Medicine regulators in the US have issued a warning that treatment with ritonavir-boosted saquinavir can cause an irregular heartbeat.
The Food and Drug Administration (FDA) released a safety communication warning on February 23rd cautioning that the use of the protease inhibitors saquinavir (Invirase) and ritonavir (Norvir) together can affect the electrical rhythm of the heart.
Disturbances in QT or PR intervals have been observed during ECG examinations in patients taking the two drugs.
The FDA communication notes the potential risks of these disturbances: “a prolonged QT interval can increase the risk for abnormal heart rhythms, including a serious abnormal rhythm called torsades de pointes. A prolonged PR interval can cause the electrical signal responsible for generating a heart beat to slow or even stop; this is known as heart block and can affect how fast the heart is able to beat.”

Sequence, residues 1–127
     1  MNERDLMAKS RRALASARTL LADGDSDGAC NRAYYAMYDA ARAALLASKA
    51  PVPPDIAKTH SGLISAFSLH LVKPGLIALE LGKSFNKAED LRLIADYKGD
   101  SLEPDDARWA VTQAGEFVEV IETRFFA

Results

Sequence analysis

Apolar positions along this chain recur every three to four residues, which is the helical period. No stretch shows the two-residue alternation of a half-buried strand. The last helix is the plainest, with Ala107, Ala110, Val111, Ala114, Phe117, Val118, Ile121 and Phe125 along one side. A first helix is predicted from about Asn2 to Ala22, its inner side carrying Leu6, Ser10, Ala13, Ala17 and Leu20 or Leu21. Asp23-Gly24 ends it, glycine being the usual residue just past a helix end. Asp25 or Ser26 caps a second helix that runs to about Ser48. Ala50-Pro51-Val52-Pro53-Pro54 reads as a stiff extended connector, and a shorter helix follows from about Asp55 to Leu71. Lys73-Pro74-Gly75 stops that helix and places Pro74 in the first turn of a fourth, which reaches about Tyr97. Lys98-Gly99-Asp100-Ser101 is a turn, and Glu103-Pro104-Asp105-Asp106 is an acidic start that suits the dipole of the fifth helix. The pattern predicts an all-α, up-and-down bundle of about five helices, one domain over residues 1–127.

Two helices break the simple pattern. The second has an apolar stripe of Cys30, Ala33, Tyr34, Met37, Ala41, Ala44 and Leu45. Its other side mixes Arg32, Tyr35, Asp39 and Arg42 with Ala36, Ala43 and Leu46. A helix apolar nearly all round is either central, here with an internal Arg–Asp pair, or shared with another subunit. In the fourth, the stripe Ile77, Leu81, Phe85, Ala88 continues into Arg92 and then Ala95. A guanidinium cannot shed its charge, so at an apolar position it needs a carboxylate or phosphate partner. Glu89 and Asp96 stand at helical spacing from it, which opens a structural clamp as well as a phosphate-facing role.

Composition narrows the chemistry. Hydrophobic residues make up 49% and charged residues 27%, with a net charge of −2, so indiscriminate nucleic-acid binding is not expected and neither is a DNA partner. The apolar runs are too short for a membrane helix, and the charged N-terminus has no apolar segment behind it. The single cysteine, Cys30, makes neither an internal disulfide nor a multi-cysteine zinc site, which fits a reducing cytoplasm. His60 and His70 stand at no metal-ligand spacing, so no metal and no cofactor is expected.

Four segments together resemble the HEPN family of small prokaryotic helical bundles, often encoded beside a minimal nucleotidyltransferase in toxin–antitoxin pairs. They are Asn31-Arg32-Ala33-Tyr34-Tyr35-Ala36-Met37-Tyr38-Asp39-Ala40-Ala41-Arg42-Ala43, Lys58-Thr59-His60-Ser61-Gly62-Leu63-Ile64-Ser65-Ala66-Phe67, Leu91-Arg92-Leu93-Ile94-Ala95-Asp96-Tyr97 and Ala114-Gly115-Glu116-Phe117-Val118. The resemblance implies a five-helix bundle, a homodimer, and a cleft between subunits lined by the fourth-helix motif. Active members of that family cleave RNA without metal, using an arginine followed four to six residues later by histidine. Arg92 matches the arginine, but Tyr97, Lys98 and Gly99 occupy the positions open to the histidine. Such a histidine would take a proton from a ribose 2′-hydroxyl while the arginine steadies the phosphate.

Doctors have been advised that the use of ritonavir-boosted saquinavir should be avoided in patients with a history of prolonged QT interval, as well as by individuals treated with types of drugs that have also been associated with this complication. These include Class IA and Class III antiarrhythmic drugs such as quinidine and amiodarone.
Individuals who are taking ritonavir-boosted saquinavir should contact their HIV doctor for advice, and not stop taking saquinavir/ritonavir until they have done so.
Ritonavir-boosted saquinavir can have a potent anti-HIV effect when used as part of combination antiretroviral therapy. However, it is not widely used.